Quick Butter Chicken Blend has become a true household favourite. This spice blend does not contain onion, garlic or chilli, meaning you can cook it to suit your family’s preferences. If using the crowd-pleasing 30 Minute Butter Chicken recipe, substitute the fresh onion and garlic for ½ teaspoon of Asafoetida and 1 tablespoon of garlic infused olive oil for a low FODMAP variety.

Enjoy Sri Lankan flavours with Suja's Sri Lankan Curry Blend, containing complex island flavours with no onion or garlic. Use a similar substitute as described above to fresh onion and garlic if you're cooking the Sri Lankan Chicken Curry, or make a vegetarian curry with your favourite low FODMAP vegetables (such as carrot, pumpkin and green beans).

Other onion and garlic-free Indian blends include South Indian Seafood Masala – great for a light fish or seafood curry – and Garam Masala, a staple spice blend based off cumin, cinnamon, coriander and clove.

Asian

Whether you’re making low FODMAP Chinese dumplings, Japanese salmon or Cantonese salt and pepper squid, having a good base flavour is paramount. Find just what you need with fragrant Chinese Five Spice, irresistible Shichimi Togarashi and fiery Salt & Pepper Squid.

European

While many classic European spice blends use onion and garlic, there are still options for flavouring your soups, roasts, stews and preserves.

  1. Mixed Herbs can be added to everything from hamburgers to soups and pasta sauces.
  2. Try Herbes de Provence, a famous herb mixture from the region of Provence, in sauces, vegetable dishes and with fish, chicken or meat.
  3. When slow cooking, Bouquet Garni will infuse flavours of thyme, bay leaf, marjoram and parsley into stock, soups, stews and casseroles.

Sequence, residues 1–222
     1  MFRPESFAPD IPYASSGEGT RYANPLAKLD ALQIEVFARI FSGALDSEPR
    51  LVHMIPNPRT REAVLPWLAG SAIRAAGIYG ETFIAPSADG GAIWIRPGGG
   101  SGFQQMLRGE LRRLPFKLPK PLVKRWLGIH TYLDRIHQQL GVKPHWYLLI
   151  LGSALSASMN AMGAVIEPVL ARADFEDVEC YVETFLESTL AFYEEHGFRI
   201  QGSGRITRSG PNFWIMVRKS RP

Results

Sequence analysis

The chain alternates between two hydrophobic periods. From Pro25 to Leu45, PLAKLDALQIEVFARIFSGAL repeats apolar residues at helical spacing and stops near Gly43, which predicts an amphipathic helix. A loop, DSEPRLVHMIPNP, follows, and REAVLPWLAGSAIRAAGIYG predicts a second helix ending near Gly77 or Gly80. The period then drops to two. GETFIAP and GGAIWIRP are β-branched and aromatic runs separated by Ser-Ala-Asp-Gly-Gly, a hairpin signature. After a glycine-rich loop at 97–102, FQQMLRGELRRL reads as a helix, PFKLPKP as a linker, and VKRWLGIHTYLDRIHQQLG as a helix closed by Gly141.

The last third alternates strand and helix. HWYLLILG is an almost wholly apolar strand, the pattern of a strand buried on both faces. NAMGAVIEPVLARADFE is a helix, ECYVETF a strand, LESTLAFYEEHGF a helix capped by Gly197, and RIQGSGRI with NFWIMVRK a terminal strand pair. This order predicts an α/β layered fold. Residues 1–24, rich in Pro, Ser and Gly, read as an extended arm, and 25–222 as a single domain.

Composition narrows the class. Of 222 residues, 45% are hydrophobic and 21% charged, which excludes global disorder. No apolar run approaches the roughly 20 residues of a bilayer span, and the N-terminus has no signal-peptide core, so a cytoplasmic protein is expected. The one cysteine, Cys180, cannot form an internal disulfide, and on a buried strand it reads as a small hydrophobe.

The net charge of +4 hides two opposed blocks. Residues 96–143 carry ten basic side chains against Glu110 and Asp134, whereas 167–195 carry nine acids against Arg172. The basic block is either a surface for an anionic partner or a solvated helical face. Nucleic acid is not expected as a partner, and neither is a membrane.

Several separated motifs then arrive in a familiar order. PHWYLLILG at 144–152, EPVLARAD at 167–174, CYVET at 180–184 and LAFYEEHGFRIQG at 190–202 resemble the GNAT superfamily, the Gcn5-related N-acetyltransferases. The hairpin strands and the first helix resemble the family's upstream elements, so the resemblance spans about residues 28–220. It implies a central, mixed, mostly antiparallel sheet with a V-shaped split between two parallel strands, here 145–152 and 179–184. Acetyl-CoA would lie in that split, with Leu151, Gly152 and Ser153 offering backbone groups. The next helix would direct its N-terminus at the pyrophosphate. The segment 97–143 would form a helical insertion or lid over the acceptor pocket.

4. If you’re keen to try some traditional preserving and fermenting, English Pickling Spice is an easy to use combination of whole spices, peppercorns and bay leaves.

Don't forget salt and pepper

It’s perhaps easy to overlook the power of good quality salt and pepper. Sometimes, these are all that’s needed to bring out the flavour of ingredients in cooking.

All single origin salts and pepper contain no onion or garlic. Notable unique choices include Native Red Gum Smoked Salt, hot Native Australian Pepperberry, citrusy Sichuan Pepper and sweet Pink Schinus Peppercorn. Amongst the Gewürzhaus salt blends, Black Truffle Salt, White Truffle Salt, Chilli Salt and Vintage Merlot Salt have some of the most incredible aromas.

In the area of pepper blends, Pepper Melangeand Peppermill Trio are must-haves to add to your peppermill. If you’re looking for a pre-ground pepper mix, all-Australian Native Lemon Pepper and Middle Eastern Sumac Pepper both give zesty and fruity notes to any meat, seafood, salad, rice or yoghurt dish.